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Appellate Court of Connecticut.

Gilbert R. McCORD et al. v. Richard F. FREDETTE et al.

No. 25958.

Decided: October 25, 2005

SCHALLER, DRANGINIS and GRUENDEL, Js. James M. Nugent, Milford, filed a brief for the appellant (named defendant). Kenneth M. Rozich, New Haven, and Paulo M. Louro filed a brief for the appellees (named plaintiff et al.).

The defendant Richard F. Fredette1 appeals from the judgment of the trial court denying his motion to open the judgment of foreclosure by sale  rendered in favor of the plaintiffs, Gilbert R. McCord and Patricia A. McCord.2  On appeal, the defendant claims that the court improperly denied his motion because he had attempted to refinance his mortgage and the equity in his property exceeded the mortgage debt.   We affirm the judgment of the trial court.

On September 1, 1992, the defendant executed a ten year promissory note in the amount of $154,729.51 in favor of the plaintiffs, secured by a mortgage on the defendant's commercial property in Stratford.   The plaintiffs commenced this foreclosure action on September 18, 2003, approximately one year after the defendant defaulted on the note.   On September 7, 2004, the court found that the mortgage debt was $103,213.88 and that the fair market value of the defendant's property was $260,000, and ordered a foreclosure by sale, scheduling the sale date for November 6, 2004.   The defendant consented to that judgment, but then filed a motion to open on October 15, 2004.   The defendant argued that the foreclosure was improper because (1) he likely would be able to refinance his mortgage and (2) his property had $156,786.12 in equity, a greater amount than the mortgage debt.   The court denied the defendant's motion to open on November 1, 2004.   This appeal followed.3

 “The standard of review of a judgment of foreclosure by sale or by strict foreclosure is whether the trial court abused its discretion․ A foreclosure action is an equitable proceeding․ The determination of what  equity requires is a matter for the discretion of the trial court․ In determining whether the trial court has abused its discretion, we must make every reasonable presumption in favor of the correctness of its action․ Our review of a trial court's exercise of the legal discretion vested in it is limited to the questions of whether the trial court correctly applied the law and could reasonably have reached the conclusion that it did.”  (Citation omitted;  internal quotation marks omitted.)  Federal Deposit Ins. Corp. v. Owen, 88 Conn.App. 806, 811-12, 873 A.2d 1003 (2005).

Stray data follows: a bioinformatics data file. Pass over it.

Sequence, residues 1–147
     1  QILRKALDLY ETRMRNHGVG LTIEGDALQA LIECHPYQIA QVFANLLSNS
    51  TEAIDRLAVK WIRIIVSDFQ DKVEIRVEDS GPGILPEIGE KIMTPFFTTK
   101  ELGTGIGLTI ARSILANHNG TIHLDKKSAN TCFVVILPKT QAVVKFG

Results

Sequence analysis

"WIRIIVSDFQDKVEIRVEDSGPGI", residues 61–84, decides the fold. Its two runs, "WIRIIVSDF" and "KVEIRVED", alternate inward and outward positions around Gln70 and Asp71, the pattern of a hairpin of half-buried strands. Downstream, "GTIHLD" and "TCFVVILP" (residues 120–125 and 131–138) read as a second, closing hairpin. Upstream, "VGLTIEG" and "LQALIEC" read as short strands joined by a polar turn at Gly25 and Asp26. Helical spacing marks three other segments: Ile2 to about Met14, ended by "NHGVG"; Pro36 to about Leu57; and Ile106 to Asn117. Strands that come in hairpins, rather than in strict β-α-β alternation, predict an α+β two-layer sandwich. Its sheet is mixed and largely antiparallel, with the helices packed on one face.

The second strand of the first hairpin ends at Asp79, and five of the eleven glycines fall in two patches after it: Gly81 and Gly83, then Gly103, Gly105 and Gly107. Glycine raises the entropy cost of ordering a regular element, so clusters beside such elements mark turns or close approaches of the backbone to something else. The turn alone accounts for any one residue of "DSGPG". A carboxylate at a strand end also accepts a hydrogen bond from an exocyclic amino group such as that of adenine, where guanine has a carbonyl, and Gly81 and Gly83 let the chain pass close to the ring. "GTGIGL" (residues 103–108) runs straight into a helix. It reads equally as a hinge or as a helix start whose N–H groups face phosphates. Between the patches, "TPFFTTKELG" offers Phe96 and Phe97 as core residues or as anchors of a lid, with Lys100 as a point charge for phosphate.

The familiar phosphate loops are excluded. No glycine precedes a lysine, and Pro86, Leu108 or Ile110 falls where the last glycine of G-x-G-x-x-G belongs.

We are not persuaded by either of the defendant's arguments in favor of granting his motion to open the judgment of foreclosure by sale to which he initially consented.   At the time that the defendant filed his motion to open, he had not obtained refinancing for his mortgage.   Although the amount of equity in the defendant's property exceeded the amount of his mortgage debt, the court still was permitted to order a foreclosure by sale.   We conclude that the court did not abuse its discretion in denying the defendant's motion to open.

The judgment is affirmed and the case is remanded for the purpose of setting a new sale date.


1.   The other defendants in this foreclosure action are not parties to this appeal.   We therefore refer to Fredette as the defendant.

2.   The plaintiff committee of sale.   Carl A. Massaro, Jr., is not a party to this appeal.   We therefore refer to the McCords as the plaintiffs.

3.   Although the record does not contain a written memorandum of decision or a signed transcript of the court's oral decision in compliance with Practice Book § 64-1, we will review the defendant's claim because the transcript contains a sufficiently detailed and concise statement of the court's findings and conclusions in connection with its decision.   See Tisdale v. Riverside Cemetery Assn., 78 Conn.App. 250, 254 n. 5, 826 A.2d 232, cert. denied, 266 Conn. 909, 832 A.2d 74 (2003).


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